Mehis Heinsaar, Unistuste tappev kasvamine (The Killing Growth of Dreams)
Tallinn, Menu Publishing, 2016. 232 pp
ISBN: 9789949549245

Mehis Heinsaar (1973) is inarguably a magical realist, but this doesn’t mean he is in any way a product of 20th-century literary trends, a copy, or an imitator. Rather, he is a journeyer in a magical world, the map of which somehow coincides with Estonia’s own – although not so much today’s map as one of some enchanting, bygone, fairy-tale Estonia.

Unistuste tappev kasvamine is Heinsaar’s fifth short-story collection, in addition to which he has written one novel, one short-prose work in miniatures, and one collection of poetry. When he made his entrance onto the literary scene, a new wonder-child phenomenon transpired: even as a very young writer, Heinsaar scooped up almost every Estonian literary award for his first books. His first novel Artur Sandmani lugu (The Story of Artur Sandman, 2005) was treated somewhat unfairly by reviewers in my opinion – at the time, critics latched onto Heinsaar’s fantastical world, which had worked so well in his short stories and miniatures. Reviewers felt that Heinsaar’s dream-like world, with its constant metamorphoses, did not hold together well enough in a novel-like way; that it insufficiently served the story…

Yet, that particular worldly creation (both then and today’s) is Heinsaar’s ingrown way of seeing things. How often we demand that writers have their own voice! And how often we tend to accuse of repetition those, who have found that voice. Heinsaar is the kind of writer (alongside other magical realists, perhaps?) who is always clearly recognizable. Quite many devoted fairy-tale fans are unable to refrain from reading his works. They are like literary LSD or a journey taken with a magic mushroom – a fantastical vision of the world, which heals the soul. In Heinsaar’s new work, he has shifted back towards longer forms of writing, which lets us be swept away into the enchanting unknown down his very unique current. Has Heinsaar changed significantly or found a completely new linguistic style in Unistuste tappev kasvamine? Nope! But his whole former arsenal is present in a special and strong way.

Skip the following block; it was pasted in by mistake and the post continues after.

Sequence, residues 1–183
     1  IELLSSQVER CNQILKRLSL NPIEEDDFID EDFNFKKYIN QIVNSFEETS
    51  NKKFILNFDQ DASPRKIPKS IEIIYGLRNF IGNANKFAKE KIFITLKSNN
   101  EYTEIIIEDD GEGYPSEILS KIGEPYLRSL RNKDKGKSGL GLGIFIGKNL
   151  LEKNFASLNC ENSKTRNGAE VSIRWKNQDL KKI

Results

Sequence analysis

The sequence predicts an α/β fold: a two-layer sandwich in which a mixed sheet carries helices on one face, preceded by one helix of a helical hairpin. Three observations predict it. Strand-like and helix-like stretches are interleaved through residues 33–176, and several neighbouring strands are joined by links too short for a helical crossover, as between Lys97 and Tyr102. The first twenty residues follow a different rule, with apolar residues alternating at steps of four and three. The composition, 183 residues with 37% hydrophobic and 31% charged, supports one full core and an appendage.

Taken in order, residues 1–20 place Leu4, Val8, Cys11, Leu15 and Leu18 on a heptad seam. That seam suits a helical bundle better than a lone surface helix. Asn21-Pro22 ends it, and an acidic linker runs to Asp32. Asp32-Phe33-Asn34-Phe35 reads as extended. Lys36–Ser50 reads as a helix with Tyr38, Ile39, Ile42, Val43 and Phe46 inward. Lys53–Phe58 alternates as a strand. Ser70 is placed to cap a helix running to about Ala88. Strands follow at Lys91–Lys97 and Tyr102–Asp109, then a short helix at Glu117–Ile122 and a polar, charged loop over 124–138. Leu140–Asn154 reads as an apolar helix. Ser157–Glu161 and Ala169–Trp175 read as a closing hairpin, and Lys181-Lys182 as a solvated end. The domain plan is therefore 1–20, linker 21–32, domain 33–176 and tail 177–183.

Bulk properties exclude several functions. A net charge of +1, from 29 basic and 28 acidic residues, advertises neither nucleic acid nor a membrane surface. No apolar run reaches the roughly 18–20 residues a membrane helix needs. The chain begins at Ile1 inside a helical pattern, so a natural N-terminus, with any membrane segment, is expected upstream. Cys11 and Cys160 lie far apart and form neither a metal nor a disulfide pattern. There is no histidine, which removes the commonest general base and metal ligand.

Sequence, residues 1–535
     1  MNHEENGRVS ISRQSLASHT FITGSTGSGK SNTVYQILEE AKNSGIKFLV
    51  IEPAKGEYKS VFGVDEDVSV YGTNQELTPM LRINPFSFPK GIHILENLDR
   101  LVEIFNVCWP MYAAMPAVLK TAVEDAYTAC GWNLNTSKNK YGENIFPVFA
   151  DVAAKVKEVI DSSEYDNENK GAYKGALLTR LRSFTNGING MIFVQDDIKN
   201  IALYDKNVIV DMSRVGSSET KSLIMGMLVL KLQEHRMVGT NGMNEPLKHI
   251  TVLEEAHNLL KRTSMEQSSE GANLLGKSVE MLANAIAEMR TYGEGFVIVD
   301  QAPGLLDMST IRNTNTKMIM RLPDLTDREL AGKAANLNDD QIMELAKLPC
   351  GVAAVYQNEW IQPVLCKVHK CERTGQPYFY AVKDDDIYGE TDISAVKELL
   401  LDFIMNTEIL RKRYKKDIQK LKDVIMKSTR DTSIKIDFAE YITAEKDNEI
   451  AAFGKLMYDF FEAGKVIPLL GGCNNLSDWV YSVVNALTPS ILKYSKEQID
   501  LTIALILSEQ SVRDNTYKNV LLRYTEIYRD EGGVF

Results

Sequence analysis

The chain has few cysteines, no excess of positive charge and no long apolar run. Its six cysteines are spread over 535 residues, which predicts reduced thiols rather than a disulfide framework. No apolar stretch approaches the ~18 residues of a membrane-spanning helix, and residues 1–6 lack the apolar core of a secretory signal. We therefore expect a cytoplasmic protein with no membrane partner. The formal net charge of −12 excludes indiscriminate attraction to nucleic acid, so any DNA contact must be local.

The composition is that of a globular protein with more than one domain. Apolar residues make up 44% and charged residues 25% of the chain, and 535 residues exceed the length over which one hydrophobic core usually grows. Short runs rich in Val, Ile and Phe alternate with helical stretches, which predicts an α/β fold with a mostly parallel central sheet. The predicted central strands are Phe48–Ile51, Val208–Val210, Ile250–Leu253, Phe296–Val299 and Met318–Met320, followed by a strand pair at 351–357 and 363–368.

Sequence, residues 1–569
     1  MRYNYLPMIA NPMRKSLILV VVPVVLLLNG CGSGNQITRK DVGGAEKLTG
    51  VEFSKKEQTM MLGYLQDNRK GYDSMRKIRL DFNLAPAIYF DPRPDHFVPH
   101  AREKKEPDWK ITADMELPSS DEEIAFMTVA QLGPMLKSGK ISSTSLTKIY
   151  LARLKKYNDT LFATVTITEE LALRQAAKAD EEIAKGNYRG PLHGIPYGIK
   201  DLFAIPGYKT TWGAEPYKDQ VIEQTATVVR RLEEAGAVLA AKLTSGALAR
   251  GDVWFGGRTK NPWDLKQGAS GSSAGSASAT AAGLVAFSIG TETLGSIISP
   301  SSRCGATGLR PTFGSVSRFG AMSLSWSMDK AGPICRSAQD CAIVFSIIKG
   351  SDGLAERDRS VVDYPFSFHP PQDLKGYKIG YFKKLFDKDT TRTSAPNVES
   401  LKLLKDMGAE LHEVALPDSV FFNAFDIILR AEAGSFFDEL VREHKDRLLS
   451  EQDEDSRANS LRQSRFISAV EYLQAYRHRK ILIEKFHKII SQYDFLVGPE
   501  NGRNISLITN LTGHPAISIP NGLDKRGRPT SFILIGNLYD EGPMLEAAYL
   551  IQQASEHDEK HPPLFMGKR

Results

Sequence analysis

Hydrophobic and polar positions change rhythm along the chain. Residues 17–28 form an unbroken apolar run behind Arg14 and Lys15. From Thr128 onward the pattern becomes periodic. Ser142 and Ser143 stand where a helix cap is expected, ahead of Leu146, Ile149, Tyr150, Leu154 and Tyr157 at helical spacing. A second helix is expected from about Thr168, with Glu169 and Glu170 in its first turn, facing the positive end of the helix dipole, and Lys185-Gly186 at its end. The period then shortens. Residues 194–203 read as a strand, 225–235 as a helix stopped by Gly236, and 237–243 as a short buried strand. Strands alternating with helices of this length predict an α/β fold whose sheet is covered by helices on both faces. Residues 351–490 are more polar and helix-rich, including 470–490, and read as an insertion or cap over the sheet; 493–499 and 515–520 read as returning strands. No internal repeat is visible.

Firstly, there is loneliness. Almost all of the characters in Heinsaar’s world – even if they find love or an old witch, to whom they fall victim – are initially alone, solitary. Life’s great questions lie before them like treasure maps or riddles. They don’t gain ultimate closeness or a solution to their troubles from other characters. One of the most beautiful love stories in Heinsaar’s latest book goes like this: every time after making love, a woman falls asleep for several weeks, and her husband knows that in her dream-land, the woman is with someone else – that she is the mother of several children somewhere far away in a shepherd family, and… But she always returns from her dream. The husband waits for her, watches over her, and helps her to re-adjust once more. And they are happy, in a strange way. But at the same time, he is also still essentially alone. He is in a state of waiting. Many of Heinsaar’s characters are waiting for something, but for the most part, they must personally make the first move for anything to happen. And they must do so in a dream.